“you shouldn’t be doing this, you did the taper wrong, the withdrawals are worse than they should be, you won’t be able to deal with them, if you want to stay on track, you need to get back on the subutex, cause after all, it was what made your progress possible, not you. No, not you, never you. You could NEVER have done all this stuff without subutex. So obviously you should get back on it so that you can keep moving forward…right? So just call your doctor, tell him you made a mistake, he will work it out with you, you know he will. And your friends and family might not approve but if the understood how much easier this will be for all of them…..

Uh…Wow. My uncle named that voice inside me “Mr Q”. Because it is always questioning, always looking for a loophole, or a way out. Clever as clever can be, but without a shred of dignity or honesty. Mr Q will accept any means to his ends, even if it means hurting those he loves or endangering himself.

Mostly though, when Mr Q talks, what comes out are lies. He is the part of me that lies to myself, that I use to manipulate others…he is the kingpin of all the addictive voices in my head.

And the reality is not that I will ever truly try to be rid  of Mr Q, per se. More that I will be able to hear him, listen, and just observe his voice without getting sucked into it and embodying it. Q’s energy is fearful, distrusting, scheming, conniving, manipulating, lying, hating, angry, and in pain. He curls up in a corner so that no one will see him, and when someone does happen to notice him, he becomes standoffish: “whatchu lookin at? Mind yer own damn business” he snarls. Mr Q doesn’t care about anyone or anything except protecting himself and keeping himself pain free.

So my goal for the next five days: observe my Mr Q, but keep him in check, and mostly, to embody him as little as possible. He must remain in the background for me to do my work.

Thank you to everyone who has been reading this and following my struggle through the past few days. Things are hopefully on the upswing now, and I look forward to posting more tomorrow,

 

Goodnight, and Peace to you,

-Nathan

 

Don’t worry, more about “Mr Q” in the next few posts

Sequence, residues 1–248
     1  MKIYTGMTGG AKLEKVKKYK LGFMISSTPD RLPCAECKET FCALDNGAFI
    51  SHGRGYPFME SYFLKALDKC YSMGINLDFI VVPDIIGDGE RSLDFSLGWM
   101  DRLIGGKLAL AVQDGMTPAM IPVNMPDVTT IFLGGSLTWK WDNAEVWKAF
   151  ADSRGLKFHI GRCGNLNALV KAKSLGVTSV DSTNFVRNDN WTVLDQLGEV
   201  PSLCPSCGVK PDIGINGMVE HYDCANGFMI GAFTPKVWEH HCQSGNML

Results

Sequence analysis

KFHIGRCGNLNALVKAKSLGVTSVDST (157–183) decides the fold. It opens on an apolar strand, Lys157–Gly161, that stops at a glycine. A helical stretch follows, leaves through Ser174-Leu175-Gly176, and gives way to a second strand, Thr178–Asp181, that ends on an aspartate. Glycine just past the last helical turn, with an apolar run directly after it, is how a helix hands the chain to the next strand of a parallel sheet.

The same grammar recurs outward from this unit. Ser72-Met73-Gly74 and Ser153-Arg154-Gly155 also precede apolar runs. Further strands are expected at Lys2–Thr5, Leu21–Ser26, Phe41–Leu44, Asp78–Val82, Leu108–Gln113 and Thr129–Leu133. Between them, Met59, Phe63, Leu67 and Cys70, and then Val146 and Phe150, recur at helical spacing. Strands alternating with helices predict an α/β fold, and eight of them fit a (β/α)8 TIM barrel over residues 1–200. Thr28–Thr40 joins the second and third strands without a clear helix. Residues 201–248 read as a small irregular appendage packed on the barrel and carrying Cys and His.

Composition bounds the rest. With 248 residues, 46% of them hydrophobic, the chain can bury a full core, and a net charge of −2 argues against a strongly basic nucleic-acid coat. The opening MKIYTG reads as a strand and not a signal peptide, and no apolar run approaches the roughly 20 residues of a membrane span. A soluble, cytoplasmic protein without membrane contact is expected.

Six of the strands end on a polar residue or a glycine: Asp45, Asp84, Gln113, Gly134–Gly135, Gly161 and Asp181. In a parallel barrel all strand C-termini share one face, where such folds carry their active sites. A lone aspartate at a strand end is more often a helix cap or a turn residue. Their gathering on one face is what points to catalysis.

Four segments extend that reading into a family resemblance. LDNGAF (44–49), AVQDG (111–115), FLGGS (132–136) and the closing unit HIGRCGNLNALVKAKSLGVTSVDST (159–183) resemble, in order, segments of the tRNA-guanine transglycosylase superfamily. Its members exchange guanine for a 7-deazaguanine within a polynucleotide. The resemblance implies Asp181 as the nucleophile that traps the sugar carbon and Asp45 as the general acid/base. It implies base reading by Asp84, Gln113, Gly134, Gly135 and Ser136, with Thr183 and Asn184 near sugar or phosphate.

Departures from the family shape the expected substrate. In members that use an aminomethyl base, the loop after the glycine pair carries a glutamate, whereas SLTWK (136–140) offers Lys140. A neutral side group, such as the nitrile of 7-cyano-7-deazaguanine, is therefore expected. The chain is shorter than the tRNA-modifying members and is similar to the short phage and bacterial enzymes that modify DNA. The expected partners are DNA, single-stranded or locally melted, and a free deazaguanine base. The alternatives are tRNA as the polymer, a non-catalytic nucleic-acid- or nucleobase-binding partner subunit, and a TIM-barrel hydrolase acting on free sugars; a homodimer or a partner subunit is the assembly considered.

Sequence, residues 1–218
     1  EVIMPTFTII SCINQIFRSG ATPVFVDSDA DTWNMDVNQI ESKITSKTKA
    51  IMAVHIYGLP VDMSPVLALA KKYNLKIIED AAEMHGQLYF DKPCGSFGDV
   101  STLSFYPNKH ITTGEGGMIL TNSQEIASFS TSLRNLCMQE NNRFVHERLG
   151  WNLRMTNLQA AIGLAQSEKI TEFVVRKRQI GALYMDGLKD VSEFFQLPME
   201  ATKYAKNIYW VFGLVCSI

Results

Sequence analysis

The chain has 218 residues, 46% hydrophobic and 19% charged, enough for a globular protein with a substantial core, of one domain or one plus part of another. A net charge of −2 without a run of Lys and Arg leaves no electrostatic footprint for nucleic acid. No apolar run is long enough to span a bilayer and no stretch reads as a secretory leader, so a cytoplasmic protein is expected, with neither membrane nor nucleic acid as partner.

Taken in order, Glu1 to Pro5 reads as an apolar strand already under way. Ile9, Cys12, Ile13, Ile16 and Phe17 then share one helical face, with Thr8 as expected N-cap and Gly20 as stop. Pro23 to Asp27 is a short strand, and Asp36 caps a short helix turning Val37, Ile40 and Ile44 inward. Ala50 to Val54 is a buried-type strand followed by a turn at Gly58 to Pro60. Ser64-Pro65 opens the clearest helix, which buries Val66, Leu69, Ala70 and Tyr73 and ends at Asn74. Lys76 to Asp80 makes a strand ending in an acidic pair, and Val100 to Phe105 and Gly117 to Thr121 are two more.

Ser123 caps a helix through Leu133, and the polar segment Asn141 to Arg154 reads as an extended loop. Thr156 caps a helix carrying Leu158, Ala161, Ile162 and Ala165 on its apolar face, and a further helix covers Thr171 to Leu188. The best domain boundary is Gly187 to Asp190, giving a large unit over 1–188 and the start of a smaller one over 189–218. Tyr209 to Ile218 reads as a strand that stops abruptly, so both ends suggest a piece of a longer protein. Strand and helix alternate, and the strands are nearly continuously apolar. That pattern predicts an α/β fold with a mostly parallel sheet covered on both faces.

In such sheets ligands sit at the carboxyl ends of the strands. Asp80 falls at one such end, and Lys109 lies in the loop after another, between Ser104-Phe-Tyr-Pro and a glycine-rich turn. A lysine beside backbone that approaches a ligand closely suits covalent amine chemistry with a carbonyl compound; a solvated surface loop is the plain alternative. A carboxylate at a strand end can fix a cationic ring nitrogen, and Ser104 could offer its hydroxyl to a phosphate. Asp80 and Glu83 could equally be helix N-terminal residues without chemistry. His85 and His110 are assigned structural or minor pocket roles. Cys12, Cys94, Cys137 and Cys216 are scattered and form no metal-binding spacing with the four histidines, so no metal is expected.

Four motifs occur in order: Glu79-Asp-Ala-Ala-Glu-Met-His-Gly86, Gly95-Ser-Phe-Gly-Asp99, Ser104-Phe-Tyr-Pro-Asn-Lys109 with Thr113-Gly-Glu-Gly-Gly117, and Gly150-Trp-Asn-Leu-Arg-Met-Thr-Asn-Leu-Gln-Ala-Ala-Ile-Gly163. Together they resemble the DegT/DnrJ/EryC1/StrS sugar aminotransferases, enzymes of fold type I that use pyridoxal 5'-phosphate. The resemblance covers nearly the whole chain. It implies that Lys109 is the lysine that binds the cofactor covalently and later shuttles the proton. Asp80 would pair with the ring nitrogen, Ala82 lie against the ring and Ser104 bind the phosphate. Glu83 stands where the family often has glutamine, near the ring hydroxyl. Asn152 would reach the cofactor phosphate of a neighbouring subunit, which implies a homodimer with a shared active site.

Midnight Meltdown and Subsequent Fallout

Yesterday was absolute hell. I was sitting in a tiny ER room from about 2:30am to around 10pm or so. My aunt and uncle were there till the doctor saw me at 6am, and then they went home and eventually my parents came instead.

I didn’t take any opiates, and all they really did was give me some IV fluids and some ativan to settle me down. And it helped a bit.

The problem was that when I started talking to my parents, they both told me that the contract I have had with Richard and Kate for the last several months was now null and void because of my actions. You see, part of the contract said that I, Nathan, will not cheat, steal, or lie. And unfortunately, during the past couple days of weakness, I lied to my aunt and uncle, I stole some of their wine and drank it (which didn’t make me feel any better, by the way) and I also had told them that I had done more work on a set of forms for SSDI than I actually had done. In this way, and because of my hysterical desire to go to the ER last night and keeping them up the entire night, I had voided the contract, which meant when I left that little ER room, I now had no place to go.

Fucking scary right? Right in the middle of detox and all of a sudden someone tells you that you’re homeless.. All I could think of was that I was going to die. I know there is no way I can make it on the street. I have tried that, and I got so sick I had to spend three weeks hardly moving from a hospital bed.

I am blessed to have a family that is firm but not cruel. My parents, aunt and uncle, and my sister and soon to be brother-in-law helped me talk through the whole thing, and then I went upstairs with my sister and they decided what was to be done with me.

It was as nerve wracking as the only time I have been in court. I felt like I was being given a guilty verdict and a sentence without any type of appeal or defense.

But it turned out there were really just trying to figure out how they could best support me over the next few days so that I can make it through this detox process safely (both for me and them).